JesusWeen: Tract or treat!

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Tract cover from www.JesusWeen.org

Tract cover from www.JesusWeen.orgJesus, take the Ween! Out of Halloween, that is. As we discussed earlier this week, there is a large contingency of evangelical Christians who aren’t fond of celebrating Halloween, with its pagan origins and reference to otherworldly spirits.

Instead of ignoring Halloween, or let it pass by without much fanfare, Christians do what they have become quite adept at in appropriating a significant cultural event for their purposes (cf. Christmas). Rather than pass out candy, some Christians pass out gospel tracts. Many go to Harvest Festivals or Trunk or Treat events, usually in a church parking lot or gym, to avoid the evils associated with going door-to-door to ask for candy. “We betray the fullness of Christ’s power when we cower before the demonic façade of Halloween. Instead, take Halloween captive,” writes David Mathis at Desiring God. But then he also writes that Christians should turn their porch lights on and have the best candy on the street, “remembering that Satan is our enemy, not our neighbors.” That’s great!

READ: ‘Godinterest’ and the Christian theft of popular ideas

Some Christians, however, still insist that Halloween is capitulating to demonic forces. Enter JesusWeen. Ween, handily, is an old-fashioned word that can mean “believe”–as in, “I ween that this holiday is very silly.” So the good folks of JesusWeen have set out to reclaim the holiday and turn it into an evangelistic opportunity. “JesusWeen is expected to become the most effective Christian outreach day ever,” their website proclaims, “and that is why we also call it ‘World Evangelism Day.'”

The header on the website features an eerie, yellow sky behind a small country church, and each tab brings with it a ghostly apparition of some worshiper superimposed over the church. “This will definitely result in church growth,” they promise in the Benefits section.

JesusWeen began when a Toronto-based pastor, Paul Ade, heard a word from God encouraging him to pass out copies of the New Testament to kids who came knocking on his door from Halloween. From there, the holiday grew (although how much it’s hard to say; the website says it’s “much more popular than expected” but doesn’t give any numbers), and became an alternative holiday for families who were uncomfortable with Halloween’s “Emphasis on Death, Witches and Zombies.”

Celebrating a particular holiday with a Christian theme is not a bad thing! The JesusWeen website is really earnest, and not at all partisan or shaming. It’s got a kind of sweetness in that way; when so many Christian events and websites are meant to make Christians feel bad that they don’t believe or act properly, this one simply wants to encourage people to share their love of God on Halloween. I just hope, for everyone’s sake, that they include some candy with their tracts.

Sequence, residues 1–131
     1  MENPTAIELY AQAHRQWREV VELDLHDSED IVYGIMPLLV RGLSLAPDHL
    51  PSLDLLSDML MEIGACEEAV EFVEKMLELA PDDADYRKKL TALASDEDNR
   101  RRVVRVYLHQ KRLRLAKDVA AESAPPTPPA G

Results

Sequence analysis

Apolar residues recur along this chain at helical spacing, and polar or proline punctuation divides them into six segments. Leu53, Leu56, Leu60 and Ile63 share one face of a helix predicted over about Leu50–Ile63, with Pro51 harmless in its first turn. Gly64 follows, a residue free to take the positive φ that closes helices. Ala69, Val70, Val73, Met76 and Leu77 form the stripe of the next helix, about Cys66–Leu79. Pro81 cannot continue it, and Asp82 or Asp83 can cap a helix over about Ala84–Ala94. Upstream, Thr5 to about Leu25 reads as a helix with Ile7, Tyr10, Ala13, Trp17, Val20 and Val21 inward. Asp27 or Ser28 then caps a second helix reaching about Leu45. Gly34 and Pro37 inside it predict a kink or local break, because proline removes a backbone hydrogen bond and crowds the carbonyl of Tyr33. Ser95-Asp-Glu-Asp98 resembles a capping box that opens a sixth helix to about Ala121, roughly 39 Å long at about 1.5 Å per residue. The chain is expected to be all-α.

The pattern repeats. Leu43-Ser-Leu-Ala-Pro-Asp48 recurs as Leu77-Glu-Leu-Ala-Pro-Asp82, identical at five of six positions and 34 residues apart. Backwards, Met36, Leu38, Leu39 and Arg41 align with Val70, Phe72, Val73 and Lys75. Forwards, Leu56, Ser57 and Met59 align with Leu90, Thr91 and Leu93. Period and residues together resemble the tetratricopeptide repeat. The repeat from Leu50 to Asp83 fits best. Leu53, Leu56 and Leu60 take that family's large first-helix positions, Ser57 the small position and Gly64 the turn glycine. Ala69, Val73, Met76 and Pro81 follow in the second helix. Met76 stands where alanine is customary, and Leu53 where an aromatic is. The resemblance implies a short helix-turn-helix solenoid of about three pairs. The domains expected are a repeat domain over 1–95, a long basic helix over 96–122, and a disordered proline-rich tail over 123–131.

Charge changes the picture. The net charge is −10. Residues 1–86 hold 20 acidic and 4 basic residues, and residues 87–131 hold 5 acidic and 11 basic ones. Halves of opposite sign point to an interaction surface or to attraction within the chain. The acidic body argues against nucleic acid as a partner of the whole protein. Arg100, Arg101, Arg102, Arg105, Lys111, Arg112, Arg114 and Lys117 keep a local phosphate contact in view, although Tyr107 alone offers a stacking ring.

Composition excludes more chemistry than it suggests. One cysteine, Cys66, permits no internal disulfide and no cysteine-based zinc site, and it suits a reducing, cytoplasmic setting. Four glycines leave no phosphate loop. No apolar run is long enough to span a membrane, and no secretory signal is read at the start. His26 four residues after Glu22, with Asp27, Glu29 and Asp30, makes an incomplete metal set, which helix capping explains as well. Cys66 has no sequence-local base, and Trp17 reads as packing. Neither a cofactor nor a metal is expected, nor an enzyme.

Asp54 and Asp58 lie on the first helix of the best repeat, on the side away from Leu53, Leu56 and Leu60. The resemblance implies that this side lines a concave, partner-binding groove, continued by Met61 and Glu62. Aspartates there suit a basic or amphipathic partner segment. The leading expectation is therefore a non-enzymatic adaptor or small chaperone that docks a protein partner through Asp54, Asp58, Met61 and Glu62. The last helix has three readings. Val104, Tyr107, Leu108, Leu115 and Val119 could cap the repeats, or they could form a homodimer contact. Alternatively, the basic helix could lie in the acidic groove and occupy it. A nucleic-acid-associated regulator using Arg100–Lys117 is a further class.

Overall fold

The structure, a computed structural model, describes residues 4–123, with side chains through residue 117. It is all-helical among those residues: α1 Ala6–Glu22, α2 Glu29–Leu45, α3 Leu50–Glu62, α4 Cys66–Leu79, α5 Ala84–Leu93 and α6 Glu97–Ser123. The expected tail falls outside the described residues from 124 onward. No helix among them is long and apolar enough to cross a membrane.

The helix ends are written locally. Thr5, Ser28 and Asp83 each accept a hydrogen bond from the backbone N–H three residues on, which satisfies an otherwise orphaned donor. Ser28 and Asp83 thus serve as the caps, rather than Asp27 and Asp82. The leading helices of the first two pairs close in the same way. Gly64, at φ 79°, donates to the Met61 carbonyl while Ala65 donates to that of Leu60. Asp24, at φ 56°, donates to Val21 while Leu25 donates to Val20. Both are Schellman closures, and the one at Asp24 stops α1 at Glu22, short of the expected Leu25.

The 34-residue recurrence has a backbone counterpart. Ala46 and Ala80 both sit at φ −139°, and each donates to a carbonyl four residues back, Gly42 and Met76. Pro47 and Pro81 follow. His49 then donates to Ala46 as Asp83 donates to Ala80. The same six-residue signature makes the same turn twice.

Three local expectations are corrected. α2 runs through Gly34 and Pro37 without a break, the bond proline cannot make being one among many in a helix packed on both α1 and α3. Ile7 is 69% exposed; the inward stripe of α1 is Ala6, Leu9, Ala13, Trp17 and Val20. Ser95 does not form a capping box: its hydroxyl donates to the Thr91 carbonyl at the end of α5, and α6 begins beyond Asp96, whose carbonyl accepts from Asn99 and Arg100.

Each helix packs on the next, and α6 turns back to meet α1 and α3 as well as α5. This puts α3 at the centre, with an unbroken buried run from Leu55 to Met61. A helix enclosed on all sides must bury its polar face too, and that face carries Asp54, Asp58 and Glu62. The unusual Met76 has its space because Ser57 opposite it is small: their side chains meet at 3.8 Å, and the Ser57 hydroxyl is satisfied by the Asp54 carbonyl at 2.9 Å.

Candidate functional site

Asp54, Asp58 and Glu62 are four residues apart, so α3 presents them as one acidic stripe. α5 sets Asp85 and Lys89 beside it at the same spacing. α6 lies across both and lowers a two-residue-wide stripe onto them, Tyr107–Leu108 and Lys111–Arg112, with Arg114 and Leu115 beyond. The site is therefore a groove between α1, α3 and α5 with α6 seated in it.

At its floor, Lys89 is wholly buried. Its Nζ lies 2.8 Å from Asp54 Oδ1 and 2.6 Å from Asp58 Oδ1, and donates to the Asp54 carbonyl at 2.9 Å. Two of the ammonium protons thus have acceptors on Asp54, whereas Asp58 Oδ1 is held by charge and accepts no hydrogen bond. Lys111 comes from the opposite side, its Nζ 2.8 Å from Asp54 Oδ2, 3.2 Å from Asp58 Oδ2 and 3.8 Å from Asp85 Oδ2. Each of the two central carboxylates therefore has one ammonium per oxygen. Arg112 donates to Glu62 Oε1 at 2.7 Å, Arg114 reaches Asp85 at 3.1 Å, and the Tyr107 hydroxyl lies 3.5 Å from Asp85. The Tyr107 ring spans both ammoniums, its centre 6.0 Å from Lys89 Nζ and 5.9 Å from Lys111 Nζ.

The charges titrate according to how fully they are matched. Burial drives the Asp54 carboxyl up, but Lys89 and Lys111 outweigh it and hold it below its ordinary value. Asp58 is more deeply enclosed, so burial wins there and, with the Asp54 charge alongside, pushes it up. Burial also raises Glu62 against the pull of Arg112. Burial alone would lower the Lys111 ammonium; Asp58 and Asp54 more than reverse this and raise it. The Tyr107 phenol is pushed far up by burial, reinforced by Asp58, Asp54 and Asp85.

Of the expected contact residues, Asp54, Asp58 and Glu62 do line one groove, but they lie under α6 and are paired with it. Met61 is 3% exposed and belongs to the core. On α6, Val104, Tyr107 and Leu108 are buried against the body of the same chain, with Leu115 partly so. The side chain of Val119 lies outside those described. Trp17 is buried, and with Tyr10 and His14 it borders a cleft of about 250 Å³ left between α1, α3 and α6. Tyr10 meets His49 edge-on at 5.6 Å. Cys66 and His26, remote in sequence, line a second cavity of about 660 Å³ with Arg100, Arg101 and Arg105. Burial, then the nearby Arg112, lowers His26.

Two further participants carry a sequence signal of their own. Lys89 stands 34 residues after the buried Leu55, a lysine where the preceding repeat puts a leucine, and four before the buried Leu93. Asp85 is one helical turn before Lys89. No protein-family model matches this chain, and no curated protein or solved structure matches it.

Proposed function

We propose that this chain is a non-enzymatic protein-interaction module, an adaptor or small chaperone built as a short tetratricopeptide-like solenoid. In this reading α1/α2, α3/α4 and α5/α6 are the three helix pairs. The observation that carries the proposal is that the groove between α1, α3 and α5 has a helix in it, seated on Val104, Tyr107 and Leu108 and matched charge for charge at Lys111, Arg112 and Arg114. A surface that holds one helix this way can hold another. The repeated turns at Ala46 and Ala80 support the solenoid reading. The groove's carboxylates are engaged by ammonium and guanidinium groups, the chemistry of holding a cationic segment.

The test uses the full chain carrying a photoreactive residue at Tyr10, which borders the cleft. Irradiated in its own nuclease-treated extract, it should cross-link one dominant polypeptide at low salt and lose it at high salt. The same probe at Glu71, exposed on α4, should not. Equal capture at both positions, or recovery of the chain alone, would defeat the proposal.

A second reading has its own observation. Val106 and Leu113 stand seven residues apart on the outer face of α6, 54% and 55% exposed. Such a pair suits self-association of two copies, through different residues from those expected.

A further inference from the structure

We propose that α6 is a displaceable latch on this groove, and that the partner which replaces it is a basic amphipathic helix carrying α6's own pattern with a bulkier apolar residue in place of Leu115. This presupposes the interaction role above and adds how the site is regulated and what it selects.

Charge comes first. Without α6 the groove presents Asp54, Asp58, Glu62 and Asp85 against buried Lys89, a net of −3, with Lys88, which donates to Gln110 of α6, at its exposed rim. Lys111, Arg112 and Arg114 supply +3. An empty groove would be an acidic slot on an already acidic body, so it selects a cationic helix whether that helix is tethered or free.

• Tim

    It sounds like they are trying to live within their convictions on Halloween, but I’m with you on hoping that if they are handing out tracts they are taping them to jumbo sized candy bars.

    There’s freedom in Jesus to celebrate it or not, I figure.

  • alison

    It sounds like it’s along the lines of Judgement House. I’m not sure which is worse.

  • “So the good folks of JesusWeen have set out to reclaim the holiday and turn it into an evangelistic opportunity.”
    No. They can’t “reclaim” it since it was never theirs to begin with. Instead, in the long tradition of Christan triumphalism, they are trying to destroy a cultural and spiritual holiday that belongs to an ancient faith tradition that pre-dates theirs by millennia. Ignorance at work.
    Then the author of this article closes with this equally ignorant statement:
    “Celebrating a particular holiday with a Christian theme is not a bad thing! The JesusWeen website is really earnest, and not at all partisan or shaming. It’s got a kind of sweetness in that way; when so many Christian events and websites are meant to make Christians feel bad that they don’t believe or act properly, this one simply wants to encourage people to share their love of God on Halloween. I just hope, for everyone’s sake, that they include some candy with their tracts.”
    What? Not partisan or…

  • Elledra

    Well, technically speaking, you actually CAN argue that this specific holiday belongs to Christians too, since “Halloween” is “All Hallows Eve”–I.e., the evening before the definitely Christian All Saints (All Hallows) Day. ( I am also aware that this time of the year is important to pagan faiths.)